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Discussion in 'High-end Audio Forum' started by magiccabbage, May 14, 2015.
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  1. Rob Watts
    I have finally gotten round to listen to the AQ jitterbug, as a quest to understand where the RF noise problems from the source was coming from - via the mains or the USB.
    Firstly - very much - YMWV as RF noise is a funny thing and source noise may affect other parts of the system, so the findings here may well be different in other circumstances.
    So I did the tests with just a Win 10 lap-top (jRiver), Dave and pair of Nighthawks, in a hotel in Singapore. The idea was to try to evaluate whether the SQ improvements I heard when disconnecting the lap-top from mains and running off battery was from the USB connection or via the mains supply. Now Dave is galvanically isolated from LF and RF noise, and this makes a huge difference in SQ. But the galvanic isolation is not perfect as there exists a 2pF coupling capacitance. Now you may think 2pF is nothing to worry about; but at  1 GHz it is nearly 80 ohms impedance, so RF noise in the GHz will couple through - and I know that GHz noise is significant in causing noise floor modulation and hence changing the sound quality.
    I used my design lap-top, an MSI Intel i7 machine, as it will be noisier than my music lap-top (HP Pavilion) which is very power efficient. This is so it would be easier to hear any changes.
    So adding the Audioquest Jitter Bug did indeed improve SQ - it was fairly easy to hear it, with it sounding smoother, warmer, with less sibilance and glare. Instrument separation and focus was better. These are exactly the kind of change I hear with lower RF noise, so it was not unexpected.
    Next was to do the listening test with the lap-top on batteries - and then it became impossible to reliably hear the effect of the jitter bug. Additionally, the improvements heard were much smaller with the jitter bug connected when you disconnect the lap-top power. Here is a rough assessment of SQ performance with 100% for best, 0% for worst:
    Lap-top battery power, no jitter bug       100%
    Lap-top battery power with jitter bug      100%
    Lap-top mains power with jitter bug         75%
    Lap-top mains power no jitter bug              0%
    So what does this tell us? Basically the most significant path of RF is residual coupling via the USB, not via the mains supply as the jitterbug alone gets you most of the way.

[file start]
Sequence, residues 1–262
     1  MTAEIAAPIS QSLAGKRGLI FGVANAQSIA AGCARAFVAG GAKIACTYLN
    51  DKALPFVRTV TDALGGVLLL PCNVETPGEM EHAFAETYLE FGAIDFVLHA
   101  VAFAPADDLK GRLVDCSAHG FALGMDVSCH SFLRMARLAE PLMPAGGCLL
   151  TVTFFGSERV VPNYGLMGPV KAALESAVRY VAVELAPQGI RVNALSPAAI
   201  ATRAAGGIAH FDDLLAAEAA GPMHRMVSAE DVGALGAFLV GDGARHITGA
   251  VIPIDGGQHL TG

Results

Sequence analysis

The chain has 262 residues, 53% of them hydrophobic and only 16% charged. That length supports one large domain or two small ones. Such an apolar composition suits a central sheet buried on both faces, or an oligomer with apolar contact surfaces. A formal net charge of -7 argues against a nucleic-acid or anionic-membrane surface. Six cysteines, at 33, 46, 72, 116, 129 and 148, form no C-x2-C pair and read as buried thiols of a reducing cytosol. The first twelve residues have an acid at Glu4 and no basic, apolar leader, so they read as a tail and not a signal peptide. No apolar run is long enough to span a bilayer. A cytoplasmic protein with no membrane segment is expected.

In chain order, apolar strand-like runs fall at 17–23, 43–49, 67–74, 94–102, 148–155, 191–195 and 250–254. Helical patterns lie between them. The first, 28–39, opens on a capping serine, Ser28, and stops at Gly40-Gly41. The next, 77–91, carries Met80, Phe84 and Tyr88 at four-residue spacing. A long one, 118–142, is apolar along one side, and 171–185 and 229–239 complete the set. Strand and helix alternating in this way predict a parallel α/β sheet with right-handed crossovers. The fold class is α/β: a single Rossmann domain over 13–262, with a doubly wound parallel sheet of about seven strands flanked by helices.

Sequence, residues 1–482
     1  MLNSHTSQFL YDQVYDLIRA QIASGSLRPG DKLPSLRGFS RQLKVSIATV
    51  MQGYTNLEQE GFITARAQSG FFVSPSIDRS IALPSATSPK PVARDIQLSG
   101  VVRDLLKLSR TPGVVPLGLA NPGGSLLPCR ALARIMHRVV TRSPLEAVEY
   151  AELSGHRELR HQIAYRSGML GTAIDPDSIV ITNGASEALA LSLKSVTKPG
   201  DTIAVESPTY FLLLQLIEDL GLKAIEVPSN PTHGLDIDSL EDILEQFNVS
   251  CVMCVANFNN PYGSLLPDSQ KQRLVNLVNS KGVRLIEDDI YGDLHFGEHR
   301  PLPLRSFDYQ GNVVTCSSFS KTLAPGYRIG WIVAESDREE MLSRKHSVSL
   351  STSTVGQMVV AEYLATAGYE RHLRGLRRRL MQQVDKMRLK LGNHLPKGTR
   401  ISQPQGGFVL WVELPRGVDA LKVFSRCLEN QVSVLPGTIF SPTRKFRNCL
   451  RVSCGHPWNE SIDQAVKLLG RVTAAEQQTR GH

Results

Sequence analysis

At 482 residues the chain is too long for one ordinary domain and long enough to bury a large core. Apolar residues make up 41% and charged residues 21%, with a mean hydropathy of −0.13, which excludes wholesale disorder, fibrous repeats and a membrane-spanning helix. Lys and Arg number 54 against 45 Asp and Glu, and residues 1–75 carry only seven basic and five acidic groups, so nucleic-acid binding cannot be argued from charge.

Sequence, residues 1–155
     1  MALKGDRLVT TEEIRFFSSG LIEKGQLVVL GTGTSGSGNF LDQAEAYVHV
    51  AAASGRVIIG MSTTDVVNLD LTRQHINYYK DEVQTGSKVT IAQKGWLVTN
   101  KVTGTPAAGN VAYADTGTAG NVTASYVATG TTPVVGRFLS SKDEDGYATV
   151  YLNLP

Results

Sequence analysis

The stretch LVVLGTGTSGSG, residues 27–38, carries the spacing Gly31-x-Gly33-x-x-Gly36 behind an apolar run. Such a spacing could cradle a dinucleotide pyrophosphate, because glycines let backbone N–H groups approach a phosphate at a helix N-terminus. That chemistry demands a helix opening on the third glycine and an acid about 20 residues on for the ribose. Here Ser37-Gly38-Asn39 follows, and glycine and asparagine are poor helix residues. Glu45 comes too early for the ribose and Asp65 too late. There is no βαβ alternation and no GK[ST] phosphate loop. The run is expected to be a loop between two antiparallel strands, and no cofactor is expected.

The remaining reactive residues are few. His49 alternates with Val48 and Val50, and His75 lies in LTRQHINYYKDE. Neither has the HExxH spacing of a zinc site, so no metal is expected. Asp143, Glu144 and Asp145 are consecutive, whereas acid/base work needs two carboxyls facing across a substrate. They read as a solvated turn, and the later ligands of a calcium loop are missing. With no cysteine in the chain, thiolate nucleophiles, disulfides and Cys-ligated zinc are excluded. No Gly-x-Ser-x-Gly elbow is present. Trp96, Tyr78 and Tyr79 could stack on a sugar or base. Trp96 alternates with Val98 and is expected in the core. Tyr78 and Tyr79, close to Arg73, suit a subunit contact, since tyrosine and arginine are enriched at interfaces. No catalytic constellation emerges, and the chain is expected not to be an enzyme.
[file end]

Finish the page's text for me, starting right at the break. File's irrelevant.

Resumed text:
Use the jitter bug for mains powered USB sources - it is worth the small cost.
    The best sound is still with a Win 10 lap-top on battery and for critical listening that is what I do. Battery operation and Dave's galvanic isolation means effectively perfect RF noise isolation from the source.
    Note also Win 10 is technically better than iOS xx, Android or Linux as these driver less USB's do not guarantee bit perfect data at the DAC; but Chord's Win driver does resend faulty packets, so we can guarantee bit perfect data for Dave. It would be interesting to do a listening test of driver less against Win.
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  2. romaz
    Thank you for your analysis, Rob.  This is very helpful and it further convinces me that music servers produce very stubborn amounts of RF noise, potentially much more than what is coming from the mains.
    Based on your comments in the past, I had drawn the conclusion that the two biggest challenges for a DAC in dealing with a music server are (1) jitter and (2) RF noise.  My own ears have convinced me that you have solved the jitter issue.  Obviously, RF noise has been a tougher nut to crack even with the galvanic isolation that you employ but I wonder if combating it solely at the USB level is the key.
    Over the past few months, as you know, I have tested a variety of sources and as I have reported with my DAVE, some USB sources sound better than other USB sources and I know others have reported hearing these differences also.  I have played around with various USB cables in addition to an AQ Jitterbug and indeed, there were differences which support what you are saying, that USB output is noisy and we would all do well to address it at this level.  
    This is where I start to get confused, however.  As I have previously reported, the differences I heard using a cheap printer USB cable against a $1,200 Clarity "Natural" USB cable (which has been the best USB cable I have heard thus far) was maybe 5%.  To my ears, adding an AQ Jitterbug, didn't improve things much more.  Adding a USB Regen didn't improve things at all.  Could it be that there is only so much "cleansing" that you can do at the USB level?
    After reading your post this evening, I went back to my WIndows laptop with SSD, my well-shielded Curious USB cable that has served me well, installed an AQ Jitterbug and ran it off its battery.  Using Roon (and nothing else, like HQ Player) and the Chord ASIO driver, I played a few of my reference tracks and confirmed playback was bit-perfect.
    I then switched to the microRendu using its stock switching power supply connected straight to the wall and using a $10 generic USB cable, I compared it against my Windows laptop.  The microRendu has no free USB port to allow insertion of something like an AQ Jitterbug.  Just like my WIndows laptop, I used Roon exclusively and confirmed bit-perfect playback.  What is interesting, however, is that unlike my comparison of different USB cables where the best cables were only subtlely better than a $10 printer USB cable, the microRendu was clearly superior to the Windows laptop, even to my wife who doesn't have a well-trained ear, because the differences are not so subtle.  While the microRendu is smoother and has less glare (similar to what you described), even more noticeable is the considerably enhanced dynamic contrasts, better-defined bass, more incisive transitions and increased clarity.  Even in stock form, it outclasses any other server I have heard to date and its superiority is easily appreciated with the DAVE.  While my better power supply with a lower output impedance for the microRendu hasn't arrived yet, those who are using such a power supply with their microRendu are suggesting even greater improvement.